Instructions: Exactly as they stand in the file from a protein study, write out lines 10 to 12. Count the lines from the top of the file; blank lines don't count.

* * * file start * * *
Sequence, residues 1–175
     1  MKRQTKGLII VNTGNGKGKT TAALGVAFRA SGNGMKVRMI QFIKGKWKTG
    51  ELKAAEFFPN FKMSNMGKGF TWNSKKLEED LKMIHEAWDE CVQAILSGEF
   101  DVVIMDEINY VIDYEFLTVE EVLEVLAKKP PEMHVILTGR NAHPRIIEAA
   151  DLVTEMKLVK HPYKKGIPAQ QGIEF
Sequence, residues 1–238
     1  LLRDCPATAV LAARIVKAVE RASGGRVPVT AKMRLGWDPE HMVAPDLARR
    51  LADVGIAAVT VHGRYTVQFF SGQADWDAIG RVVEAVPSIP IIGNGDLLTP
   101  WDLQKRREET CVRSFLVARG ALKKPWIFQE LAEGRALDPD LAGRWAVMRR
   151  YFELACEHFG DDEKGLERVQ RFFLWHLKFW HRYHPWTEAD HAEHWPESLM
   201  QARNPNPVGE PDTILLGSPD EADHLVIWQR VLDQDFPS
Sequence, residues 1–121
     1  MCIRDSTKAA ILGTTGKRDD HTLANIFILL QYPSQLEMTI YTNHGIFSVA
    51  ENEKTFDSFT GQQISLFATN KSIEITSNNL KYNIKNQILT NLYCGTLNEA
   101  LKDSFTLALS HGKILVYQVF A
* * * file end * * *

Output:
   151  YFELACEHFG DDEKGLERVQ RFFLWHLKFW HRYHPWTEAD HAEHWPESLM
   201  QARNPNPVGE PDTILLGSPD EADHLVIWQR VLDQDFPS
Sequence, residues 1–121